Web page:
As China and other developing countries have proved so much over the last decades, the real key to unlocking people’s potential and eliminating poverty is, of course, through economic development, and trade is central to that. The great benefit of trade, and of free trade in particular, is that it unlocks the potential not just for consumers and businesses in developing countries but for countries such as our own, too. That is why our programmes in Ethiopia, Bangladesh and, more recently, Jordan are heavily focused on trade.
Is my right hon. Friend aware that a number of local companies in Southend are very keen to be involved in trade and development, including Borough plating and Jota Aviation? Does he see any further business opportunities once we have left the European Union?
First, I pay tribute to those businesses in my hon. Friend’s constituency. It is incredibly important that, through every bit of Government policy, we support small and medium-sized enterprises in Britain. There is huge potential around the world. I would just warn, however, when people start talking about a no-deal Brexit, that we need to be very careful in specifying what kind of tariff levels people are talking about and with whom they are negotiating, because certainly farmers in my constituency, the automotive sector and the aviation sector will suffer terribly if we end up with the wrong arrangements.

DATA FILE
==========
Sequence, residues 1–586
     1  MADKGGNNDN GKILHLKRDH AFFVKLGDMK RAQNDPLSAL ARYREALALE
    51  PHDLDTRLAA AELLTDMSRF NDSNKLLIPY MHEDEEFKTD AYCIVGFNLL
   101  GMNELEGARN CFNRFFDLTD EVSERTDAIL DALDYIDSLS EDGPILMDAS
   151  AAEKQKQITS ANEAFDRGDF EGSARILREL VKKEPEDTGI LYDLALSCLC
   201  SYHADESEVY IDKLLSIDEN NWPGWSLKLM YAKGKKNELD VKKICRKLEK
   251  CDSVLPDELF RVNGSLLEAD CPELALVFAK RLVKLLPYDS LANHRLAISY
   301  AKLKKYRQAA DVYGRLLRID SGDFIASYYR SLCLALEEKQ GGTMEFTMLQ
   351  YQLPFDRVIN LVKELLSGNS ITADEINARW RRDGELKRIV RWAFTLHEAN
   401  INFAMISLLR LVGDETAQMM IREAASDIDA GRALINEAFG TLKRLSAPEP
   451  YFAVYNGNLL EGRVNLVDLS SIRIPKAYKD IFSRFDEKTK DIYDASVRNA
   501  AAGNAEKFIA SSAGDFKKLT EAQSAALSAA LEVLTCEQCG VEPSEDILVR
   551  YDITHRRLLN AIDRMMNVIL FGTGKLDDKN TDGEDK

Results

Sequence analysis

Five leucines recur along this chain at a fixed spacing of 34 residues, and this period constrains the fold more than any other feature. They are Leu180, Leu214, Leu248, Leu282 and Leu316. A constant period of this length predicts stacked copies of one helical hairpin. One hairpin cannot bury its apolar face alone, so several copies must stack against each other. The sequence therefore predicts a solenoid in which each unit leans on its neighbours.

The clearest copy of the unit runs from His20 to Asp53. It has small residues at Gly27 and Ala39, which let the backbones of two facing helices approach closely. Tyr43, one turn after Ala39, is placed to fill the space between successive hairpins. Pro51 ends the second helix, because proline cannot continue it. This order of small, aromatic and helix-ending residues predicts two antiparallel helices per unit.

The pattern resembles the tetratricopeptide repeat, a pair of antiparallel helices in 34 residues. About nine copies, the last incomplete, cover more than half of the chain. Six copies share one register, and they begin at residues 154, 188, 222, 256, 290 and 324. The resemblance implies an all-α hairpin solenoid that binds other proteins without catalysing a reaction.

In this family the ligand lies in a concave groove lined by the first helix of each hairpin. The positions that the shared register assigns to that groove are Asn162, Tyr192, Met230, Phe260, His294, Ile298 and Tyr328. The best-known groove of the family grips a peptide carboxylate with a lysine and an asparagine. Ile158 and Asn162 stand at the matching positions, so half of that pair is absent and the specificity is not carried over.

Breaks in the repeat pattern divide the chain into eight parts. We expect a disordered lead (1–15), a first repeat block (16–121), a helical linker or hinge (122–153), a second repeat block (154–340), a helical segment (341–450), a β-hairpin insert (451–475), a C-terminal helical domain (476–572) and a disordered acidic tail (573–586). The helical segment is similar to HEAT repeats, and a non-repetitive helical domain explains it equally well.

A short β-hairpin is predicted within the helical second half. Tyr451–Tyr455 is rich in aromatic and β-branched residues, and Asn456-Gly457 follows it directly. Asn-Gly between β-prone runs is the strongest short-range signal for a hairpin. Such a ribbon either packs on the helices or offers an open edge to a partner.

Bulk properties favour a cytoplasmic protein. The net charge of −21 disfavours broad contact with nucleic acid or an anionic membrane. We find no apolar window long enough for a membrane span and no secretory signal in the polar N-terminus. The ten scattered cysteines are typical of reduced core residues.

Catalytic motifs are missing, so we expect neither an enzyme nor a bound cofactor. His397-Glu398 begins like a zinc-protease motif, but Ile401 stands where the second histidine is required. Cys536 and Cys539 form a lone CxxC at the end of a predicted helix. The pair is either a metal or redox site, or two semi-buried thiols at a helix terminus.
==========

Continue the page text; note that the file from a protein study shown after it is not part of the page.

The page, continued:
On that point, we know that Donald Trump favours a no-deal Brexit so that we turn our back on the EU market and sit at his feet—the American economy is seven times the size of ours. We know that Donald Trump does not agree with climate change, but will the Secretary of State ensure that we focus on investing in renewable technologies via overseas development, rather than continuing to subsidise fossil fuels through export credit guarantees, so that we can build a sustainable world together?
This is a very big challenge. There is huge potential for the British economy and, of course, for the world and the climate emergency in getting involved in new technologies. To take one example, I would very much like to put considerably more money from DFID into research and development in renewable technologies at British universities. If we can develop the next generation of solar film—light spectrum technology —it can convince China not to build the next generation of coal-fired stations. That will make a huge difference to the climate and the world, but also to British research.
I strongly disagree; I think it is incredibly important that we have zero-tariff, zero-quota access to European markets, to defend the future of the British economy. We are talking about the climate, which is central to this Department. If Europe needs 300 million electric cars over the next few decades, I would like them to be manufactured in the United Kingdom. We have huge potential in battery technology; we can make the planet a better place; and we can create great jobs for British businesses, and the way to do that is to have the access to those markets.